Up next was a spicy presentation of the first movement (Allegro non troppo) of the 1874 Symphonie espagnole (“Spanish symphony”), op. 21 by Édouard-Victoire-Antoine Lalo (France, 1823–1892); the soloist was violinist Isabel Rushall from Flagstaff, AZ who is getting ready to enter the Peabody Institute of Johns Hopkins University. The commanding opening motive dominates much of the movement. Rushall immediately grabbed hold of the arresting theme, making it her own. Virtuosic flights are the norm, and the violinist handled these in fine style. Some fun Spanish-influenced themes enliven the score, and the more melodic material displayed the violinist’s gleaming timbre. The fireworks that ended the movement were thrilling.

After intermission, the baton was passed to Spanish-born José-Luis Novo, who conducted the other Young Artist Orchestra. He is the current music director and conductor of the Annapolis Symphony Orchestra in Maryland; he has been on the faculty at EMF since 1999. Novo is a bit more animated in his gestures than Cooper, which also worked well with the young musicians.

The second half of the concert began with flutist Angelina Lim from Ellicott City, MD playing the 1926 Flute Concerto by Carl Nielsen (Denmark, 1865-1931). Lim is currently a student at the Eastman School of Music. Her wonderful performance was marked by her upbeat, energetic approach to the music, which contains idiomatic writing for the instrument, perky and light. Slower sections contrast, and many conversations between flute and solo instruments in the orchestra, especially between trombone and flute, were distinctive. Lim’s playing of the first cadenza was languid and sensitive, while the second was more virtuosic. Her body movements helped express the various moods of the music.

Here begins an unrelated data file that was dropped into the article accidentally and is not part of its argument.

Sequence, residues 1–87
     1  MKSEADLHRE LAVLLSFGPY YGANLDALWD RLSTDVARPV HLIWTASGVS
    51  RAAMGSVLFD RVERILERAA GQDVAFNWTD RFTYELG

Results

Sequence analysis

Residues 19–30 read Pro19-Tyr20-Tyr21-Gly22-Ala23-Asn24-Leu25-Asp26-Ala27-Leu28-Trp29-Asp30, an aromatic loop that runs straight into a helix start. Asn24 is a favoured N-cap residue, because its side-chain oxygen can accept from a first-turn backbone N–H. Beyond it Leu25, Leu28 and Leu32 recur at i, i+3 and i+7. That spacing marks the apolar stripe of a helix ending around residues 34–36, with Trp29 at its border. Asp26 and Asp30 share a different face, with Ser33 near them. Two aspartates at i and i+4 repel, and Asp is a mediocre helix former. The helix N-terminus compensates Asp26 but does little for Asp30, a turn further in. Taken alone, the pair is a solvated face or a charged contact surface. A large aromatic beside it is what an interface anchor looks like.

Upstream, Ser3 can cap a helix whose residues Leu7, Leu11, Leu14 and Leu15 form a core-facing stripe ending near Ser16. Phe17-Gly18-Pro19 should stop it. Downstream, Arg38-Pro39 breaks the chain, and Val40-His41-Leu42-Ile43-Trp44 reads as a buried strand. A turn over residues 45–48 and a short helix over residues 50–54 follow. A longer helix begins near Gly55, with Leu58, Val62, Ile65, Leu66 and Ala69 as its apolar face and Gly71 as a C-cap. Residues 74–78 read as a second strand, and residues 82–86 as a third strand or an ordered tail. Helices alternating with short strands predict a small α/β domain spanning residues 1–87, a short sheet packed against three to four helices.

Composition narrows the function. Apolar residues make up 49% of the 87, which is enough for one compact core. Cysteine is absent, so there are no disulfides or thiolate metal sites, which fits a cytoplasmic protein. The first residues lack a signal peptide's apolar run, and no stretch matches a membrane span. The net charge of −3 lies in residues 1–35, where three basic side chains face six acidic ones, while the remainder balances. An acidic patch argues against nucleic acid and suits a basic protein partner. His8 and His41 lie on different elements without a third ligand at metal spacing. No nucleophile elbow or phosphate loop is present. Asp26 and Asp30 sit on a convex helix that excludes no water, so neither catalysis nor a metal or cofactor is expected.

The first movement of the 1880 Scottish Fantasy, op. 46 by Max Bruch (1838-1920) was played by violinist Gabrielle Gans, who attends Shenandoah University. The dark opening features stern brass and orchestral passages that are pitted against free and expressive violin solos, gorgeously played by Gans with terrific intonation. Eventually the Scottish folk melody, “Auld Robb Morris,” appears in the sumptuously orchestrated final section in which Gans’ emotional playing of the radiant and warm melody, which included many double stops, was breath-taking.

The concert concluded with Joshua So playing the last two movements of the 1955 Oboe Concerto, H. 353, by Bohuslav Jan Martinů (Czech, 1890-1959); So, who hails from Syracuse, NY, attends the Eastman School of Music. A slow, rich orchestral introduction opened the movement before So’s oboe was heard: his entreating playing caught the unhurried, emotional mood perfectly. In one standout section, for all practical purposes a cadenza, the communicative soloist is mostly accompanied by a shimmering piano part. The finale is a different story: brimming with energy and syncopation, the movement provided a perfect backdrop for So’s peppy playing. In the two cadenzas, the oboist was able to demonstrate his impressive technique in fine style. The lickety-split coda ended the concert with panache.

This concert highlighted the intense dedication, commitment, and talent the students at EMF display. In a world that is fractured by strife and division, the concert was cathartic proof there is hope for the future. One only needs to attend artistic events such as the concert Thursday night to rest assured of the quality of the upcoming generation.